Politicians and statesmen from around the world gathered in New York, Tuesday, for a United Nations symposium on the victims of terrorism.
The day-long forum, called for by UN Secretary-General Ban ki-Moon, is intended to support the victims of terrorism and to encourage civil society’s involvement in a global campaign against it. It manifests objectives laid out in the General Assembly’s 2006 Global Counter-Terrorism Strategy.
The symposium will have 18 victims of terror and 10 experts from around the world as participants. Among them are two Israelis: Arnold Roth, who lost his daughter in the Jerusalem Sbarro bombing, and Daniel Carmon, the deputy head of Israel's UN delegation, who lost his wife during the bombing of the Israeli embassy in Buenos Aires in 1992.
Other participants include Ingrid Betancourt, who was recently released from six years in captivity in Colombia and Ashraf Al-Khaled, whose wedding in Amman, Jordan, was marred by terrorist bombings in November 2005. Victims of the bombings of Sept. 11, the London underground bombings, and the UN headquarters in Baghdad will also attend.
Robert Orr, Assistant Secretary-General and Chair of the Counter-Terrorism Implementation Task Force, said the forum will serve as an opportunity to put a human face on the suffering of survivors and their families. “We have all heard the voices of terrorists; too seldom do we hear the stories of their victims,” he was quoted as saying by the UN news center.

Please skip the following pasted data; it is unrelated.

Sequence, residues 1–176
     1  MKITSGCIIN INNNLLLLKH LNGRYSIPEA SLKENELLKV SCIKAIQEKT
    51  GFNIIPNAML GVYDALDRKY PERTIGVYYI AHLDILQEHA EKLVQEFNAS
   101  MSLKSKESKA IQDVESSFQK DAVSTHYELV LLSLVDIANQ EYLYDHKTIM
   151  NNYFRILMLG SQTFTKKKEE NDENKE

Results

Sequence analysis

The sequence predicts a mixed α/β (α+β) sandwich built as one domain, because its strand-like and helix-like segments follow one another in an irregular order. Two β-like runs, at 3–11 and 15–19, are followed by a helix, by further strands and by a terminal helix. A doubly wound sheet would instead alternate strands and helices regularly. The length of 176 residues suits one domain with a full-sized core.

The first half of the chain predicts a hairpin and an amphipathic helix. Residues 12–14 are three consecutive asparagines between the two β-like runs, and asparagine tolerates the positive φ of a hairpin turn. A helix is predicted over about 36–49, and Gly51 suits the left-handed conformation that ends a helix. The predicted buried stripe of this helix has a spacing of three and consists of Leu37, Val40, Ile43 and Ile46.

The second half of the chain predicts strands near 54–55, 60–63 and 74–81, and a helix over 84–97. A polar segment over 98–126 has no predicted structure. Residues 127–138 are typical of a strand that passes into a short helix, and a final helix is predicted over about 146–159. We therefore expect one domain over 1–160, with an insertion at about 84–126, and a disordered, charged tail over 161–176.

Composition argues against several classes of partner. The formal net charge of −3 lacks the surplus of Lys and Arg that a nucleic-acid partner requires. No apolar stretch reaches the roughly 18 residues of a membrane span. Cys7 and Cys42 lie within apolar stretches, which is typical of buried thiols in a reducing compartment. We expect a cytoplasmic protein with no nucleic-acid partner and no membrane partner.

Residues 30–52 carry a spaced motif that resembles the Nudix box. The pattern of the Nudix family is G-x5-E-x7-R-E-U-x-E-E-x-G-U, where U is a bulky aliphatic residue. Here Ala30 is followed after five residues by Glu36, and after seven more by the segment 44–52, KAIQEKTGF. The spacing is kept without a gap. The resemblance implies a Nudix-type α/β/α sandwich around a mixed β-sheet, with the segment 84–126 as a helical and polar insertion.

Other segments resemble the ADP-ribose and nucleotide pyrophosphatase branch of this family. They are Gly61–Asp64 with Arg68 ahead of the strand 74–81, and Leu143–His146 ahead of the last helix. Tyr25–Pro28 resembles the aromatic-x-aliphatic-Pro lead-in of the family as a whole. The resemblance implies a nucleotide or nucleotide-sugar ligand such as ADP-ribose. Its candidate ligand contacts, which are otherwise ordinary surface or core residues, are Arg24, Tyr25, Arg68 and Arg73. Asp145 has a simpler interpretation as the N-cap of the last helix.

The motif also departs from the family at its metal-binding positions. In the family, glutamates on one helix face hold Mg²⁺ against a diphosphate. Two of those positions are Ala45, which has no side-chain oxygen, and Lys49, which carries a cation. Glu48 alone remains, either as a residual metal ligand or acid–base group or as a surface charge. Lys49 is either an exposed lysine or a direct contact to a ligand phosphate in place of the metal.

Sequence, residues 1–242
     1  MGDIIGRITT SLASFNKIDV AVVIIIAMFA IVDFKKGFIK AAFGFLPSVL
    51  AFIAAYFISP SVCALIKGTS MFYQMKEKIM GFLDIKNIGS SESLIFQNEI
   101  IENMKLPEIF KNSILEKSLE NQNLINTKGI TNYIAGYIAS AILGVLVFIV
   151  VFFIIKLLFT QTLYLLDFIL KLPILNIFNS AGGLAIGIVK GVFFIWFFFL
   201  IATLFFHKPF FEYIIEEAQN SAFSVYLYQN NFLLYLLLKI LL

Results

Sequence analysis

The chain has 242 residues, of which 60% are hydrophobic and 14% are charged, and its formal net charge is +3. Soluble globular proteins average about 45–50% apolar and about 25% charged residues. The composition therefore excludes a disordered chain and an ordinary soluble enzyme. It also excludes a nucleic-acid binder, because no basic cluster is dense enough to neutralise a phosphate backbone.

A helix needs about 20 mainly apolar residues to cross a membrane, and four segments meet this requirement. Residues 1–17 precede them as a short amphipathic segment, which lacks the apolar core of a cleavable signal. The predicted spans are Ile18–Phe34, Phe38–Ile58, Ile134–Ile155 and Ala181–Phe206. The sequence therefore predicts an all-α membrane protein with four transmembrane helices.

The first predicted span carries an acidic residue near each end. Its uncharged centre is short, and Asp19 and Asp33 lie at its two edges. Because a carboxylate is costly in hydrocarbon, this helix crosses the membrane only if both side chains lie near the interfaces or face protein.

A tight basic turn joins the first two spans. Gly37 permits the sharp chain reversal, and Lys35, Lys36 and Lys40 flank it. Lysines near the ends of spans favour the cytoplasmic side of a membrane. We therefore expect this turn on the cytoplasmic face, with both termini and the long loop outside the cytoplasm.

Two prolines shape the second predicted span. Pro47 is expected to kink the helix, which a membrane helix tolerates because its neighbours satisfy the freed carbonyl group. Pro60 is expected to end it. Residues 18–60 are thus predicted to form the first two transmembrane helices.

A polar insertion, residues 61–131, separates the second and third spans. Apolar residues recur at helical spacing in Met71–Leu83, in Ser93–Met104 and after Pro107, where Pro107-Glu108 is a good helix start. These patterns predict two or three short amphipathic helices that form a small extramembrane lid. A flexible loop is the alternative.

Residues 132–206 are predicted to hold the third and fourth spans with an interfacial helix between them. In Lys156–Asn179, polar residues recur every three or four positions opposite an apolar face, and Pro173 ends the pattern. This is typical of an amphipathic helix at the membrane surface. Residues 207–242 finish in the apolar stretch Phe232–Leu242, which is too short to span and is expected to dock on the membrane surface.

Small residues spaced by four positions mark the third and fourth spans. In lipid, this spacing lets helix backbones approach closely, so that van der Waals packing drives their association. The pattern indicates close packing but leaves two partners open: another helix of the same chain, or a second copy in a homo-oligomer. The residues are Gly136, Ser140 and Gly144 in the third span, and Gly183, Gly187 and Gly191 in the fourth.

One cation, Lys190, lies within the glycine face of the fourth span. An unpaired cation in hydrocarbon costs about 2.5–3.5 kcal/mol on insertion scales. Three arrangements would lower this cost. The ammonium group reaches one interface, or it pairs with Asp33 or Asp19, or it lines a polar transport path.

Orr added that the symposium will work to spark a change in the “often-strained dynamics” between governments, who at times react defensively to criticism for not doing enough to help victims, and the victims themselves who often feel their needs are not sufficiently addressed.
He emphasized that the symposium is not intended to be a political event, but rather is “solely designed to focus on concrete ways to better support victims of around the world.”
Arab group calls for Palestinian victims to participate
The symposium garnered criticism by several Arab representatives, who protested that the symposium was biased because it had not invited Palestinian victims of 'Israeli terror' to speak.
In late August, an Arab group led by Palestinian Ryadh Mansour met with Orr , reported the Kuwaiti News Agency (KUNA) to complain about the UN "lack of transparency" in organizing the event and demand that Palestinian victims be invited to attend.
"Our position is that if Israel is going to be invited to participate with victims, Palestine has to be invited with victims too because nobody suffered as much as the Palestinians from Israel's state terrorism and from the Jewish settlers," Mansour told KUNA.
Mr. Orr addressed this claim implicity when he responded to journalists' questions of how victims can be invited to such a symposium when the term “terrorism” itself has yet to be defined. According to him, there are 16 international conventions and protocols that provide a solid base for identifying acts of terrorism.
He asserted that individuals invited to participate in the symposium have “suffered from an act of terrorism as defined under these international legal instruments.”
Yitzhak Benhorin contributed to this article